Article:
4 Phone Interview Tips From a Recruiter

by Sarah Kuhn | December 06, 2017

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Woman in professional attire talking on cellphone

It's important to be on your toes when answering a call if you have your resume posted online or are in the market for a position. A phone call with a recruiter is many times a candidate's first direct contact with a company, so it is crucial to make a good impression—especially because, in all honesty, some recruiters won't even have looked at a candidate's resume before calling.

Below are some do's and don'ts for handling common situations that have the potential to leave a bad taste in recruiters' mouths if not dealt with professionally.

Here are a few conversational pitfalls some candidates fall into on the phone to be aware of:

1. Mind your manners

Please don't defensively answer "Who's this?" to a "Hi, how are you?" from an unknown number—especially if you've been mass-applying all over LinkedIn. Many of my recruiting calls start with me asking for the candidate by name and then asking how they are, or stating that I received their resume and asking if it is a good time to speak. I try to start the conversation out very friendly because I want to make the candidate comfortable and show that I value them as a person.

I know we live in the age of telemarketing, but not everyone is trying to sell you something. It's also doubtful that someone is going to steal your identity by asking how your day went. Jumping to the defense gives the impression that you are impatient, rude, or receive a lot of phone calls from people you are avoiding. My first thought as a recruiter when I get a response like this is: who did you wrong? Especially for client facing positions, being able to confidently hold a conversation with someone new when you least expect it is important.

2. Turn your resume into a conversational sales pitch

If a recruiter asks for your professional background or what type of position you're looking for, don't ask if they read your resume or the application–it doesn't matter if they did or not; they want to hear you describe your professional background and strengths. Sure, it's redundant, but being able to explain something professionally and politely is a skill, and recruiters want to open your resume up for conversation. I would suggest talking freely and naturally about your past work or education and the type of position you are looking for (even better if you can relate it to the specific company you are talking to or use borrowed language from the company's site). Feel free to even talk the recruiter through your resume, and reference sections for them to look at. This is an opportunity for you to translate the text of your resume into your own personal sales pitch about why you're great.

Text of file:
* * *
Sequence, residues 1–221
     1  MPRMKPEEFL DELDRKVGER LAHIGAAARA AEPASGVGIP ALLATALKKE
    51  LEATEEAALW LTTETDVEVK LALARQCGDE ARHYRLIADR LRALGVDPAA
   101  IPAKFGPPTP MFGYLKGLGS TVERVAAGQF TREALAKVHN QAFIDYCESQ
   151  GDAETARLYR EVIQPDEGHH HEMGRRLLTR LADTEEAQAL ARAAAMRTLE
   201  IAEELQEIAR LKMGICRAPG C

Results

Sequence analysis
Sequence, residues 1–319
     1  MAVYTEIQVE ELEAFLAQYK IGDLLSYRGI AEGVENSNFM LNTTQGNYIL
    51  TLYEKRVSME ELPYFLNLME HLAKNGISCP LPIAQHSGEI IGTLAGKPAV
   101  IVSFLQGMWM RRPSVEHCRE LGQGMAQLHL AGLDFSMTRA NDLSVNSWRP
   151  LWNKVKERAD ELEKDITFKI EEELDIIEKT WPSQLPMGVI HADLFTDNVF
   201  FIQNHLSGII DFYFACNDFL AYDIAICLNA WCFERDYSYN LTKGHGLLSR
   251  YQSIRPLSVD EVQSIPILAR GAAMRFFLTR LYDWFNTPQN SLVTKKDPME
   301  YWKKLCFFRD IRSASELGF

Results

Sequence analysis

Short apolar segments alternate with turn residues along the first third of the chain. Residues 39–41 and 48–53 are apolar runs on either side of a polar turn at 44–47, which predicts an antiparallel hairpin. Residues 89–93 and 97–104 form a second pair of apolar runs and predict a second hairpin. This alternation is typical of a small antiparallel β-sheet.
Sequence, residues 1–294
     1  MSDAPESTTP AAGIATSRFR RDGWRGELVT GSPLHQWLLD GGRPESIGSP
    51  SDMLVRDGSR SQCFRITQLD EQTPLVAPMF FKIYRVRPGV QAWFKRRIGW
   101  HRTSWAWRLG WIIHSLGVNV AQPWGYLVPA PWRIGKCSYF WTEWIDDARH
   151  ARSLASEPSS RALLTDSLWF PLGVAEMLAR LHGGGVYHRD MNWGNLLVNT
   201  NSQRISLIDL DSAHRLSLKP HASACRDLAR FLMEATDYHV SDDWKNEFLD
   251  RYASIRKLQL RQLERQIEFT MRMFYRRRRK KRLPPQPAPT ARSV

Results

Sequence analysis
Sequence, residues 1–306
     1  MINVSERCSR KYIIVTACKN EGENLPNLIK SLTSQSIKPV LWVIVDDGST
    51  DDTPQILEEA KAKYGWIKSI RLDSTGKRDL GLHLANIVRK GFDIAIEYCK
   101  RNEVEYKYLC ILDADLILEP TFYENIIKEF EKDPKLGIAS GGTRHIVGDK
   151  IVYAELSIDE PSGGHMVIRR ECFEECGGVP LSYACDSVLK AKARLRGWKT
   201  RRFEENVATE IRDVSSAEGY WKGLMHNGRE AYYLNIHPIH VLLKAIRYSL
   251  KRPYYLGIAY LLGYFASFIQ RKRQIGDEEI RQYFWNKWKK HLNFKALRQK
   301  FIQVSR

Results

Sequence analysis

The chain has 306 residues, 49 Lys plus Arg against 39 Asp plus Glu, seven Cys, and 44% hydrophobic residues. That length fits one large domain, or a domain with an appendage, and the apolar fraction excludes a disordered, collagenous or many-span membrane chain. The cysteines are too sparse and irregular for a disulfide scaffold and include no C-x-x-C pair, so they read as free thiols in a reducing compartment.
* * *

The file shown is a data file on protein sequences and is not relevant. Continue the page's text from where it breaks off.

3. View every connection as an opportunity  

Maybe the position you are being contacted about isn't something you are interested in. Maybe you initially applied for it, but changed your mind. But that's no reason to shut the conversation down—you have no idea what type of other opportunities may also be available, or who the recruiter on the other end of the phone could be connected with. Always be polite, professional, and open to conversation. Connections are everything. If a recruiter likes you, they will be much more willing to try to help any way they can. You never know who they might have the power to forward your resume to.

4. Ask about the position, not salary

Please do not jump to the compensation question. The point of an initial phone call from a recruiter isn't to offer you a position. It is to feel out if they would even want to offer you an interview. Asking about compensation right away comes off rude and assumptive. Three minutes into a phone call, recruiters want to know what you'd bring to the company, not how much money you want.

Of course, the compensation issue is valid and important to have answered, and your time is valuable. If you are a desired candidate why should you choose to interview with one company when you have no idea if the compensation is close to what you are looking for? But my advice is to not bring compensation up at all during an initial phone call because recruiters will typically not be the ones to offer you a position or determine your compensation. They are a gateway relationship into a company. 

Final thought

When making an initial impression over the phone with a recruiter do your best to be prepared, polite, and friendly. Focus on the social interaction you are in, rather than keeping yourself trapped within the words of your resume. Feel welcome to ask questions pertaining to the position. Most of all, remember that every question and connection is an opportunity.

Filed Under: Interviewing | Networking | Salary & Benefits

Tags: interview skills | phone interviews

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